I have a question about old England armor.

Sep 2012
1,018
Tarkington, Texas
#11
Armor and weaponry depended on whether they were rich or poor. Wealthy people wore more armor and carried better weapons. The Poor might come with a sling or some javelins with their everyday clothes. Bodyguards of the wealthy wore less armor but could carry a sword or a good spear and a shield. The Fyrd would show up with whatever they had. They might have a Bow, an Assegai or a Tomahawk. Horses would be rode as transport and not Cavalry. An Assegai is a term not used often in European descriptions, but it is a more descriptive term than "Spear". My favorite description is a short spear that can be thrown or used in close. If the warrior saw it was going to go close combat, they would step on the spear and shorten the haft.

Nobles could wear mail or maybe some plate. The swords would not bend during combat.

Pruitt
 
Likes: macon
Aug 2014
4,466
Australia
#13
Anglo-Saxon 11th century huscarls wore triple mail hauberks, you can see them on the Bayeux Tapestry.
When an old text uses the phrase "thrice done", "thrice made", etc., it simply means that it was well done. It doesn't mean that the task was done three times. "Thrice-woven mail" simply means that it was well made.

Sometimes two layers of mail were worn and very rarely three layers were worn but it was hardly normal to do that. The Bayeux Tapestry doesn't show this kind of detail; it is so crude that it barely possible to tell that mail is being worn.
 
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Likes: macon

Haesten

Ad Honorem
Dec 2011
2,905
#14
When an old text uses the phrase "thrice done", "thrice made", etc., it simply means that it was well done. It doesn't mean that the task was done three times. "Thrice-woven mail" simply means that it was well made.

Sometimes two layers of mail were worn and very rarely three layers were worn but it was hardly normal to do that. The Bayeux Tapestry doesn't show this kind of detail; it is so crude that it barely possible to tell that mail is being worn.
Triple mail comes from Florence - 1040 gift of 80 huscarls by Godwin to Harthacnut. Triple is the weave of the rings as far as I know, not three mail coats.
 

Dan Howard

Ad Honorem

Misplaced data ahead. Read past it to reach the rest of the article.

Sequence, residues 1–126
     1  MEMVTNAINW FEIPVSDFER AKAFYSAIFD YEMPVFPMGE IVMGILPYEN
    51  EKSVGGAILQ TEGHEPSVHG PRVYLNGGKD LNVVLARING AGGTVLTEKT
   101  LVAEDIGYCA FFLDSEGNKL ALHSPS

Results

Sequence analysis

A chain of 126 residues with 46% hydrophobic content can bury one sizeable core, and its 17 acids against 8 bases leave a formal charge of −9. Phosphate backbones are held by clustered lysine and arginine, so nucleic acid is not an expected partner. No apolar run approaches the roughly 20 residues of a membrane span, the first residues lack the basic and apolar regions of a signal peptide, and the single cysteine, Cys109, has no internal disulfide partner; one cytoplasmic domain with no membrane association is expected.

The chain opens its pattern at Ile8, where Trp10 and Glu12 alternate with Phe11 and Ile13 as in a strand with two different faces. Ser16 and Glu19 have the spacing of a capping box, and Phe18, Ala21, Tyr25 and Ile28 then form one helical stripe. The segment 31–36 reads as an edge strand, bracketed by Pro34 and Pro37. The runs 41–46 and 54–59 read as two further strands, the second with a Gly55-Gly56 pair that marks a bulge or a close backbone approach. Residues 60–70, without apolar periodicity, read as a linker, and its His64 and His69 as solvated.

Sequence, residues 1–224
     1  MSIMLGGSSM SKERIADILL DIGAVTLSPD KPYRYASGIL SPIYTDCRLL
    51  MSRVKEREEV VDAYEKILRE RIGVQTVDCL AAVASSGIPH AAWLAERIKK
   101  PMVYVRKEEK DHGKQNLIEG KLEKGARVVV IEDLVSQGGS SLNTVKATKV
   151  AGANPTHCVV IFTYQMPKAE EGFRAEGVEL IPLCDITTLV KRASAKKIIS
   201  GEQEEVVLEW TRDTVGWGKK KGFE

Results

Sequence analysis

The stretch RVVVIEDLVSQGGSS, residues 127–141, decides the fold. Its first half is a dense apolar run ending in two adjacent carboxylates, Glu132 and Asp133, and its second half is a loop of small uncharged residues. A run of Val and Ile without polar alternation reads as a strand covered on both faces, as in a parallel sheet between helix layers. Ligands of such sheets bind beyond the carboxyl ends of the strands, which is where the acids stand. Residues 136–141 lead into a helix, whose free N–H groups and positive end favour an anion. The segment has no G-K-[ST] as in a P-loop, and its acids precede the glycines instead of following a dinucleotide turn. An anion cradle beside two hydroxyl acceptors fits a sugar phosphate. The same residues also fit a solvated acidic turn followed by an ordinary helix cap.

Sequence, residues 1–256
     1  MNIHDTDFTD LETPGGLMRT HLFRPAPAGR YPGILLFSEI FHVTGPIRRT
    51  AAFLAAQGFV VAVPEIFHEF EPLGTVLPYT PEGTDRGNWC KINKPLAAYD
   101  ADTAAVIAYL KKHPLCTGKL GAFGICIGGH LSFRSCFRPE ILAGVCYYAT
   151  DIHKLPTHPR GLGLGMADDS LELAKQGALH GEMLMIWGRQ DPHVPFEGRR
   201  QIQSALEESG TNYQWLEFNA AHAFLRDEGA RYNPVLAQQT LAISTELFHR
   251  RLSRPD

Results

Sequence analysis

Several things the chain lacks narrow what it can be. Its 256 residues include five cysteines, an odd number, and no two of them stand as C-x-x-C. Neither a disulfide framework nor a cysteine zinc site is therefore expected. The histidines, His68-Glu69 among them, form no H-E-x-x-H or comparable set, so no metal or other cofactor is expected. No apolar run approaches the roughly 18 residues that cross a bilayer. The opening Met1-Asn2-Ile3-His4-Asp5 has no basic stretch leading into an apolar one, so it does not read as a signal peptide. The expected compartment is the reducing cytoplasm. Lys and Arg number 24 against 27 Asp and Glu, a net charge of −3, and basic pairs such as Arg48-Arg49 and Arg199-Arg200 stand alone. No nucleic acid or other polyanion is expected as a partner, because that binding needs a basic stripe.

Aug 2014
4,466
Australia
#16
Triple mail comes from Florence - 1040 gift of 80 huscarls by Godwin to Harthacnut. Triple is the weave of the rings as far as I know, not three mail coats.
There is no such thing as triple mail. The phrase "thrice-woven mail" simply means that the armour was well made. It was a common colloquialism at the time.
 
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authun

Ad Honorem
Aug 2011
5,173
#18
I still wonder what kind of armor Anglo Saxon they wear in 9-11th, before Norman period in England.
Mail shirts and full length byrnies would be used for protection only by the very wealthy, here the english huscarls are being attacked by the norman cavalry.





but the main protection for most, came from the shield, no armour, as here in the bayeux tapestry:

bayeux.png
 
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Feb 2017
196
Devon, UK
#19
Four helmets have been found which date to the anglo saxon period. The 7th century Benty Grange helmet is made of bone and has a christian cross and wild boar motifs, replica:





The best preserved is known as the Coppergate Helmet found at the Jorvik dig in the 1970s. It dates to the 8th century.




The most famous is the Sutton Hoo Helmet, replica:



The last is the badly coroded Shorewell helmet, replica:



There is also a cheek piece from a helmet which was found in Staffordshire:



I have never seen a viking period helmet that looked like those depicted in your photo.
The Staffordshire Hoard contained numerous pieces from a richly decorated, helmet, two reconstructions have recently been completed and displayed. The Staffordshire Hoard
 

authun

Ad Honorem
Aug 2011
5,173
#20
The Staffordshire Hoard contained numerous pieces from a richly decorated, helmet, two reconstructions have recently been completed and displayed. The Staffordshire Hoard
Those reconstructions are conjecture, that's why it states, "the project explored how the original may have been made and what it looked like". There was no frame which suggested the construction technique or shape. The only 'part' is the earpiece, similar to that on Sutton Hoo, and parts of the rim. The Pressblech elements, the figures, are panels which cover the surface are common. But, we don't know if it is a late roman ridge construction or of the spangenhelm type or indeed some other construction method. It looks as if they have used the typically vendel period helmets from Valsgarde as inspiration.

helm1.jpg


helm2.jpg
 
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